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Armenian Awakening: Revival of a Church

A woman prays after evening service. Christmas in the Armenian tradition is a purely religious affair.
A woman prays after evening service. Christmas in the Armenian tradition is a purely religious affair.

The voices of a small Armenian choir reverberate off the ancient walls of a 17th century church in the rugged hills of Yerevan. Outside the tiny parish, churchgoers huddle, clamoring to get a peek of the evening service.

It is Christmas Eve, and nearly 20 years after the collapse of the Soviet Union, the Armenian Church has once again come alive.

“This is the first year I’ve attended service,” says Mane Saroyan, 20, a student at a university in Yerevan. “I consider myself a believer and a Christian. I usually come to church by myself or with family and spend quite a bit of time here."

For Saroyan the church plays a more major role in her life. She is part of a new wave of young worshippers in Armenia.

“Our church is getting younger and younger,” jokingly says Father Shmavon Ghevondyan of St. Hovhannes Armenian Apostolic Church in Yerevan. “We are seeing a new trend of Armenian youth attending service.”

In the 20th century, Armenia witnessed a series of cataclysms with the Armenian nation nearly destroyed by the Turks, the country’s identity swallowed by communism and a wave of emigration to the West.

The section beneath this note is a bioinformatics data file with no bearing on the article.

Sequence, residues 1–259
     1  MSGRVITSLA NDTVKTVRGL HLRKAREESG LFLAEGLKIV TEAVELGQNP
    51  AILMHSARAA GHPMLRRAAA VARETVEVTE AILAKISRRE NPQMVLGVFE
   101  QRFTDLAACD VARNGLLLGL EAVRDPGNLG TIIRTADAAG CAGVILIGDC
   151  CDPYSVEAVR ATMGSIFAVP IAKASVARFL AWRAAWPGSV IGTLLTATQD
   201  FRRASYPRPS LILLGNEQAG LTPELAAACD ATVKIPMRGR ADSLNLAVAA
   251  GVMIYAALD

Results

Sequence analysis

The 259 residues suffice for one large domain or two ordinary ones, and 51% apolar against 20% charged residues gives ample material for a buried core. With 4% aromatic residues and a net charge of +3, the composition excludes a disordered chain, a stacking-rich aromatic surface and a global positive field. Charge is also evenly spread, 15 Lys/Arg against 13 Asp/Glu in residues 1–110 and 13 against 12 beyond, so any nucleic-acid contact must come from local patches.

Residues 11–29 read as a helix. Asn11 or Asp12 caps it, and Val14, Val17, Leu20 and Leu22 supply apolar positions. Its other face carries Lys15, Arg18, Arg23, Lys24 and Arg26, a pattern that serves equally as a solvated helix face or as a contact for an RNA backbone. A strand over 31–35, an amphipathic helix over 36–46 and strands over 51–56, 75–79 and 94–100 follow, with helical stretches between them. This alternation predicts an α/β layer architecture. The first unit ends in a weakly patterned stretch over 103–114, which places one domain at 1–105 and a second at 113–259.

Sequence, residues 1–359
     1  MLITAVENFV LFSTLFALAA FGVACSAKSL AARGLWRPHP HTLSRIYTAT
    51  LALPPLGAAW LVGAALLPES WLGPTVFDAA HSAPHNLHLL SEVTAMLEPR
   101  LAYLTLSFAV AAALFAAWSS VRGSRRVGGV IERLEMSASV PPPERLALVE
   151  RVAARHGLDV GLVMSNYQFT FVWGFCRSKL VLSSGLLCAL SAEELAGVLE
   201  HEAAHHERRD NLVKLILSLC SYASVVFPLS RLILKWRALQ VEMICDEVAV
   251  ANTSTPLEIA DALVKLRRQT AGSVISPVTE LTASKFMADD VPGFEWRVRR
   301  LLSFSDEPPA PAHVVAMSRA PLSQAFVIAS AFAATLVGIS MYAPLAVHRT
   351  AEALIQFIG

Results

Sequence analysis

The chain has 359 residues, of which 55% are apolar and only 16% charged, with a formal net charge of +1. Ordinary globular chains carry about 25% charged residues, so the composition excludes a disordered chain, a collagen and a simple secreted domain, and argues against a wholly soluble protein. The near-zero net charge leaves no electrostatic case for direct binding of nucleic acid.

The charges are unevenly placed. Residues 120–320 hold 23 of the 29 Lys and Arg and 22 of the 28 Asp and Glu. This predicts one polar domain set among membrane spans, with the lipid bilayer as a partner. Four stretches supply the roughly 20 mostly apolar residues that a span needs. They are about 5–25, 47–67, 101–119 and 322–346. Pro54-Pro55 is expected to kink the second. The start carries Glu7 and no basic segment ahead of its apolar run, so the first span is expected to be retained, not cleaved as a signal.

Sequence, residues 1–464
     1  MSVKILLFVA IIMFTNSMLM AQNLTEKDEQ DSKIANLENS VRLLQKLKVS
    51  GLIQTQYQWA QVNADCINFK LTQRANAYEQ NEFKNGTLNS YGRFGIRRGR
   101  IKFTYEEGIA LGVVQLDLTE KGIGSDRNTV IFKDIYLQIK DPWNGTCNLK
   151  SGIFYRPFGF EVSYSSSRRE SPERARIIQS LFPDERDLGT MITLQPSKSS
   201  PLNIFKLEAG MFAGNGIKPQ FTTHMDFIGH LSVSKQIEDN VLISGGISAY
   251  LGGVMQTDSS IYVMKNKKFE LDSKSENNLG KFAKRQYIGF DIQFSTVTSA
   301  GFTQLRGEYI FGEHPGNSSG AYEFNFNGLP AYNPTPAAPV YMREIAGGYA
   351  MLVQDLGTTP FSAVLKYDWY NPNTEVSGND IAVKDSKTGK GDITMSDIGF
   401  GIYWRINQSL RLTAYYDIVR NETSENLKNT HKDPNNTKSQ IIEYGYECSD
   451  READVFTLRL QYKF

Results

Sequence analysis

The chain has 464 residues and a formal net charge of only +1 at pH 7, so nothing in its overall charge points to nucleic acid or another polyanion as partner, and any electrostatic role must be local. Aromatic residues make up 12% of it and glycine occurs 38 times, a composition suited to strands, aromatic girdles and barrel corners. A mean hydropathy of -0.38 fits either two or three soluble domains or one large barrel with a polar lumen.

Now, more Armenians live outside the republic than inside it. The Armenian immigrants – many of whom were raised without religion, under a communist regime – have been drawn back to the old church, helping to rebuild and sustain the Armenia’s identity.

“My father was an atheist. He didn’t believe in God; he instead believed in the Soviet Union,” says Lilit Umirshatyan, 43, a composer in Armenia. “When the system collapsed, people didn’t know what to believe in.”

Umirshatyan, who was raised in the forced secularism of the Soviet era, the church provided some hope. She baptized her three children, and attends service weekly.

Across the country, new churches are being built and restored. Building improvements are a work in progress. The walls are cleaned; windows replaced and water damage to an icon of the Virgin Mary repaired.

“Where there is an Armenian community, there is a church,” says Father Ghevondyan. “New churches are being built not just in Armenia, but outside our country as well."

In Moscow, the construction of the new church is mainly funded by the Armenians overseas.

About 94 percent of Armenians consider themselves to be Armenian Christians, having derived their faith directly from Christ’s apostles. Armenia claims to be the first nation to declare Christianity as its state religion in 301 A.D.